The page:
Space Weather: A [big] Hole in the Sun’s Atmosphere

The SWLing Post Blog has recently featured a few posts on “Space Weather” & Geomagnetic Storms. As an amateur astronomer, I receive many daily space-related emails in my INBOX right along with the SWLing Post Daily Digest. I thought this might be of interest:


An unusually wide hole in the sun’s atmosphere is facing Earth and spewing a stream of solar wind toward our planet. Estimated time of arrival: April 9th. Polar geomagnetic unrest and minor G1-class storms are possible when the gaseous material reaches Earth. Visit for more information and updates.

Image credit: NASA’s Solar Dynamics Observatory.

The hole bisects half the solar disk, stretching more than 700,000 km from end to end. This means Earth will be under the influence of the emerging solar wind stream for more than 4 days after it arrives.

A G1-class storm is “Minor”, so I doubt there will be very much “radio” impact – but you gotta admit, a hole that large is interesting nonetheless!

Posted by SWLing Post Contributor Troy Riedel

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3 thoughts on “Space Weather: A [big] Hole in the Sun’s Atmosphere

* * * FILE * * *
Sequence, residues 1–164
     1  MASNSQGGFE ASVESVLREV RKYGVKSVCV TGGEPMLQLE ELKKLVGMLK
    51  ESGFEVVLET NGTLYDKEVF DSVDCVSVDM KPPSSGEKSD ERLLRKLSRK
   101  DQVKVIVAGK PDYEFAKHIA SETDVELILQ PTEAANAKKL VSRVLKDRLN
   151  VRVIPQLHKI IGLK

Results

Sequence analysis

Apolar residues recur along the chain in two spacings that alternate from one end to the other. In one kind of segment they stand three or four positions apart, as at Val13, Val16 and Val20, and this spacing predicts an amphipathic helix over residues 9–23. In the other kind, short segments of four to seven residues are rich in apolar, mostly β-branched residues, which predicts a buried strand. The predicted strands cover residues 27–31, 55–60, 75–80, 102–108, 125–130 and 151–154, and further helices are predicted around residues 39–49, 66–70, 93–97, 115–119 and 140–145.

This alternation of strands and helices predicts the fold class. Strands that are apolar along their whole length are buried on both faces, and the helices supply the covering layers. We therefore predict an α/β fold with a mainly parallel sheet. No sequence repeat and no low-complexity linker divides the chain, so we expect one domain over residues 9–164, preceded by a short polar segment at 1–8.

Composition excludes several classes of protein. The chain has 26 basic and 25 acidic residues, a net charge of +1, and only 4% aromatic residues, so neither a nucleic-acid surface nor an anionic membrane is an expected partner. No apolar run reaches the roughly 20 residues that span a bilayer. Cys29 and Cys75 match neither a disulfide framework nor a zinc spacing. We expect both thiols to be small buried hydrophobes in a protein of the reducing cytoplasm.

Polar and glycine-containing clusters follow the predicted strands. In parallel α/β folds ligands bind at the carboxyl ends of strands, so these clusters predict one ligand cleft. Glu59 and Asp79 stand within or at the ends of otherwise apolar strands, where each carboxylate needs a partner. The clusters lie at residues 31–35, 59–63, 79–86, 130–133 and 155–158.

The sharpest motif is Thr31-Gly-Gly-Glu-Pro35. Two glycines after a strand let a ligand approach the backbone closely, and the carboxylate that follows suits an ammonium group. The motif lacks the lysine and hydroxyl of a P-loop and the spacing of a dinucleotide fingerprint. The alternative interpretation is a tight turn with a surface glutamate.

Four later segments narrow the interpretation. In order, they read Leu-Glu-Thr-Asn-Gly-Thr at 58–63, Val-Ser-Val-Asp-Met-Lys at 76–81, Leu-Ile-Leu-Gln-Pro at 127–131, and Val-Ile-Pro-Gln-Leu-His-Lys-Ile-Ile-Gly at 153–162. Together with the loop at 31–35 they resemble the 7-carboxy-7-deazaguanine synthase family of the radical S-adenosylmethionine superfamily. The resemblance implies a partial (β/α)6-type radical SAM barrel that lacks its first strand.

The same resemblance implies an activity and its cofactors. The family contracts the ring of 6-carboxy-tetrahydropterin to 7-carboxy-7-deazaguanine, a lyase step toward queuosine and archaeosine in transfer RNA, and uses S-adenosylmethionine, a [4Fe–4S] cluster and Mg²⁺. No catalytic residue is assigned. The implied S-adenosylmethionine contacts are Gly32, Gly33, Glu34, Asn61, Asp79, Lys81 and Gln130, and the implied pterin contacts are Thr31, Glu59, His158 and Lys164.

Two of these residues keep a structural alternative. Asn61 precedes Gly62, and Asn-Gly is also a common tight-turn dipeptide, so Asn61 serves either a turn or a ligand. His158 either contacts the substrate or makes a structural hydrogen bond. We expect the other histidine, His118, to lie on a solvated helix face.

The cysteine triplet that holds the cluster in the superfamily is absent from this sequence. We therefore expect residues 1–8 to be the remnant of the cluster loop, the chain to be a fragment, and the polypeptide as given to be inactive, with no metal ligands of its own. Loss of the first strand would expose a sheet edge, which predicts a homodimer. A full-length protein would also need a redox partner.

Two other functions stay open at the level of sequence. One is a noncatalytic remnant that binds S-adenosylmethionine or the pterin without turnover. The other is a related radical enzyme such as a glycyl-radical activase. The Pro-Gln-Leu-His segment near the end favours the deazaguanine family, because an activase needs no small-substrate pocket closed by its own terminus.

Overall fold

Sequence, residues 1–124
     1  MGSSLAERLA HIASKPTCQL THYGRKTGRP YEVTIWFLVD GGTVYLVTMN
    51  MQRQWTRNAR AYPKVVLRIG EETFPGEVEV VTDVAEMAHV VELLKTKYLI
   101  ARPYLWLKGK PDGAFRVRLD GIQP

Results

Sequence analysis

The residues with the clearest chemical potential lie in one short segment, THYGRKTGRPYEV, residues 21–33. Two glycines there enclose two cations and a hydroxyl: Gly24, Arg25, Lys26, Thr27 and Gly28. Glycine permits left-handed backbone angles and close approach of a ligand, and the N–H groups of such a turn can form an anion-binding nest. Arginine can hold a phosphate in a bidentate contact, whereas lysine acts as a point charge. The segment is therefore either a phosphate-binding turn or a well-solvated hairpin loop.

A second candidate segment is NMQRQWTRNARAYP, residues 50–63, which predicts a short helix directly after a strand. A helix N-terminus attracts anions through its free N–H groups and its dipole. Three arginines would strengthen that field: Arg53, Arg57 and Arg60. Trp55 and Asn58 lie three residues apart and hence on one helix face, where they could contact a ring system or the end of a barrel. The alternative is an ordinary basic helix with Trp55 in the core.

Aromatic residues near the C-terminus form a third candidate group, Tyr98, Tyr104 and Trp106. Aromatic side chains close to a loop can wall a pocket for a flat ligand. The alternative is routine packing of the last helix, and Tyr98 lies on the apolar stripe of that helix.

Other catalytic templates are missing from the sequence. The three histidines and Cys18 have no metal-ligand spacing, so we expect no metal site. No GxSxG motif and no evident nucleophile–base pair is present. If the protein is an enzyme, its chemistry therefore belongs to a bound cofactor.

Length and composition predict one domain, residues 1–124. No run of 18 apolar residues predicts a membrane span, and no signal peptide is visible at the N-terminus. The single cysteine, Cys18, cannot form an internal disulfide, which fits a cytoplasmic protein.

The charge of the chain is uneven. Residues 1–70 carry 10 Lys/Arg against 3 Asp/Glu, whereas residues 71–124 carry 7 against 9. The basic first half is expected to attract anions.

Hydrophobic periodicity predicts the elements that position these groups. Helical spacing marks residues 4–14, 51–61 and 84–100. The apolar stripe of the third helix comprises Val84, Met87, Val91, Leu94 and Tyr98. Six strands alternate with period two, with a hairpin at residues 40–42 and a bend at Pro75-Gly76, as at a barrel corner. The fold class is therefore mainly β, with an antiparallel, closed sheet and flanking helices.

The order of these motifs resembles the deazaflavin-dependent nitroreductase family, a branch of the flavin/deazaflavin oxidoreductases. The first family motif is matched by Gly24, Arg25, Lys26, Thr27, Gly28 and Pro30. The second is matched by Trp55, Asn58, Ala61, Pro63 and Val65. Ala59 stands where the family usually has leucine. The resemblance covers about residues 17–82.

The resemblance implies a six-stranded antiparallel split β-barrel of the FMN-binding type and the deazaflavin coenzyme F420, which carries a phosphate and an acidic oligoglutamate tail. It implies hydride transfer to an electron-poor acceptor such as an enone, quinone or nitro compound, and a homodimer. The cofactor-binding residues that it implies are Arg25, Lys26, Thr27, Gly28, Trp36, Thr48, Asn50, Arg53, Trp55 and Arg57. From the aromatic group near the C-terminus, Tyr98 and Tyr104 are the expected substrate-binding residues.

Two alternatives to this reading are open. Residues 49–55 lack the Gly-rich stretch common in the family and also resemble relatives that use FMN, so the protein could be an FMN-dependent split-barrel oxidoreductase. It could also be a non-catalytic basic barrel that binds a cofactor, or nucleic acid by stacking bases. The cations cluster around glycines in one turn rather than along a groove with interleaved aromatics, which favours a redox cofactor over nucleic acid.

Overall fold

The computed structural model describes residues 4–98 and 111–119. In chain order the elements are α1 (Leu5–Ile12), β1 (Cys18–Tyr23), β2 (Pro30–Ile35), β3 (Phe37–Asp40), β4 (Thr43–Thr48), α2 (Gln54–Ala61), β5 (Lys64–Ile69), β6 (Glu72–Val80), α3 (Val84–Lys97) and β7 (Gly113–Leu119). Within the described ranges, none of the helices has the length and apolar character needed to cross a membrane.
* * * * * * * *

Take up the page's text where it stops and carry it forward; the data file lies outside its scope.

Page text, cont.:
1. DanH

      I’ll give a try. That opening on 31m was quite spectacular and unusual for propagation conditions during the last several months. I heard it beginning at 0700 UTC here on the US West Coast and it was still strong when I hit the rack at 1000 UTC. It was gone the next day.

  1. DanH

    There may be some beneficial propagation effects for shortwave from the approaching coronal hole. Last month one of these holes (it may have been the same one) had little effect on solar flux but during the first day that solar wind effects were hitting Earth there was an improvement in shortwave propagation on some bands (31m for me). I understand that this was caused by temporary changes in the Earth’s magnetic field. At any rate this effect lasted only for the first day while the SFI number remained at the same 68 or 69 that was stable during all of the previous week.


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